VIDEO: How Alternative Dispute Resolution can help with your complaint
Below is a transcript of the two minute video on Alternative Dispute Resolution by consumer champion, Helen Dewdney, AKA The Complaining Cow:
Where can you go if you’re not fully satisfied with the response that a company’s given to you about your complaint? Well, you can go to the Small Claims Court. But actually, there’s an alternative to that in many cases – Alternative Dispute Resolution (ADR). Now, it tends to be an Ombudsman, but not always. And in some sectors, it’s mandatory.
So, the Financial Ombudsman, all banks, building societies, anything to do with finance must be a member. All energy companies must be a member of the Energy Ombudsman. Telecoms must be a member of Communications Ombudsman or CISAS – which is not actually an Ombudsman but it is a member of the Ombudsman Association because all Ombudsman have to be a member of the Ombudsman Association which has higher standards than other providers.
But there are some other sectors too. There’s Rail Ombudsman; there’s Furniture and Home Improvement Ombudsman; there’s the Motor Ombudsman. And also these can help you decide where you’re actually going to shop from because if you have two providers and one is a member of an Ombudsman scheme you know that if things go wrong you can take your complaint there.
Now, you can take your complaint to the Ombudsman eight weeks from the date that you first made a complaint. Or you can ask for a deadlock letter before that time and if the company doesn’t want to discuss anything further with you, it can give you a deadlock letter. You can then take all the evidence to your ADR provider who will look at all the evidence, they will talk to the company, they will talk to you then they will make a decision which is binding on the company but not you so you can always take the matter further if you want to.
Completely independent and it costs the company to actually take a case to ADR so it’s not in their interests to actually go there.
More on complaint resolution
Arbitration – an impartial and independent third party will decide how to resolve your dispute. In most cases, the arbitrator’s decision is binding and cannot be challenged in court. Costs vary and sometimes arbitration is free as with ACAS services.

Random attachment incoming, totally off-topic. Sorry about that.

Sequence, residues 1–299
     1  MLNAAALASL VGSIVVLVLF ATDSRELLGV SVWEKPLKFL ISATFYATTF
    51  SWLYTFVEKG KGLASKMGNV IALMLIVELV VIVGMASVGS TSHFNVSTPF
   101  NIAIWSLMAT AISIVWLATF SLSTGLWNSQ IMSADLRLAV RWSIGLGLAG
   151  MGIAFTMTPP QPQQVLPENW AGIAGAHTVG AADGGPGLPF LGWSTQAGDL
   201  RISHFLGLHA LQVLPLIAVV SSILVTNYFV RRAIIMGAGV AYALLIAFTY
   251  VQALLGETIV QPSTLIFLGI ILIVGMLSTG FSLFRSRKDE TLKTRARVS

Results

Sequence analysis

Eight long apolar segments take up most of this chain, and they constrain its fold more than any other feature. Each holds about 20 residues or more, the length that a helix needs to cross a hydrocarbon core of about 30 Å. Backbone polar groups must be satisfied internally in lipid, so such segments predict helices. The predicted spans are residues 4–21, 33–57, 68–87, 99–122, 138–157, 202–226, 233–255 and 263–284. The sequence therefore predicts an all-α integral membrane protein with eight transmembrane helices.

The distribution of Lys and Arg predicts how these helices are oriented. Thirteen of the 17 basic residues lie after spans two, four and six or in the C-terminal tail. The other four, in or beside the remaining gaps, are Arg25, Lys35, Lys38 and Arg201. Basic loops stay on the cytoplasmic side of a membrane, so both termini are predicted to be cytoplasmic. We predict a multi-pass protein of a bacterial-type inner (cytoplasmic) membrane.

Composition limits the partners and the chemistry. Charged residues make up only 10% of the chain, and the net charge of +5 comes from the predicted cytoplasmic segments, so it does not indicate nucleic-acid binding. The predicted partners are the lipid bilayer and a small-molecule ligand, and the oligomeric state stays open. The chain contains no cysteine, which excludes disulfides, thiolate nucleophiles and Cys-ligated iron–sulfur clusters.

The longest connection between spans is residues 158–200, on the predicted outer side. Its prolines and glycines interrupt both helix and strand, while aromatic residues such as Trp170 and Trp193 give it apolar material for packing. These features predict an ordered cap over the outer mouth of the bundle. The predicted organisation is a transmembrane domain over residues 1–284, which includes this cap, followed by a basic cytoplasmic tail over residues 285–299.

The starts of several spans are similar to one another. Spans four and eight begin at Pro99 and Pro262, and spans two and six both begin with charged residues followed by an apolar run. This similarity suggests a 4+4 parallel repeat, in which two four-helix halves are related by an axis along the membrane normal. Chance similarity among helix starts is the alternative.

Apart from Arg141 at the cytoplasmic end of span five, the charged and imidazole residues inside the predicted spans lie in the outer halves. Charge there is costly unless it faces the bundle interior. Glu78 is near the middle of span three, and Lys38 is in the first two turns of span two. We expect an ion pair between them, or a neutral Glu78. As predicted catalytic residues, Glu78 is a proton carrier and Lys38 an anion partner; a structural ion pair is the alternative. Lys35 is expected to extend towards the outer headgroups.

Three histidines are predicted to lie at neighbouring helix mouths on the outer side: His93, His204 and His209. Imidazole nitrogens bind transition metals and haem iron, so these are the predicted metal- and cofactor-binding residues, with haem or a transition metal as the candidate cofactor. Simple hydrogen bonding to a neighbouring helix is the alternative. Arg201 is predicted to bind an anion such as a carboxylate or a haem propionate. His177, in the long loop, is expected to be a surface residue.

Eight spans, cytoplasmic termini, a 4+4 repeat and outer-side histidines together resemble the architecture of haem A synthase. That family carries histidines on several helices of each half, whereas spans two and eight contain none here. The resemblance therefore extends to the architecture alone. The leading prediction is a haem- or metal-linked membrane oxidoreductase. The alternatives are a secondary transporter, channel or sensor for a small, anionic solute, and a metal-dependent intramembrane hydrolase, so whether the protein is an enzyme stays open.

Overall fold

Adjudication – by ombudsmen (or ADR provider) and free to the consumer. Binding on the trader (they lose membership if they don’t abide by the rules but this is rare) but not on you should you not agree and want to take the matter to court.
Mediation/conciliation – remains confidential and cannot be used in a later court hearing. The cost varies: in some instances it’s free; in others, it can get expensive. By the very nature of the word “mediation” someone will work with you and the other party to reach a decision. If agreement is made and signed, this is legally binding. You would only be able to go to court to enforce it if necessary.
Negotiation – which is used most commonly in employment situations. You can choose to have a union rep or someone else present while you negotiate.
Generally, arbitration is binding on both parties to the dispute; mediation/conciliation and negotiation are non-binding; and adjudication and ombudsmen schemes do not bind the complainant, but will be binding on the other side.
You can find a list of all the ADR providers on the Chartered Trading Standards Institute ADR Providers list.
Helen Dewdney – The Complaining Cow – is a consumer champion and consumer rights expert who has written two best-selling books on How to Complain: The Essential Consumer Guide to Getting Refunds, Redress and Results! and 101 Habits of an Effective Complainer. YourMoney.com readers can get 15% off these publications with the discount code YMCow.
She has joined forces with YourMoney.com to provide our readers with tips, information and action points when it comes to your consumer rights. If you’ve a burning question or a problem and would like Helen’s help on a consumer issue, email us on email@example.com where we’ll aim to right those wrongs.
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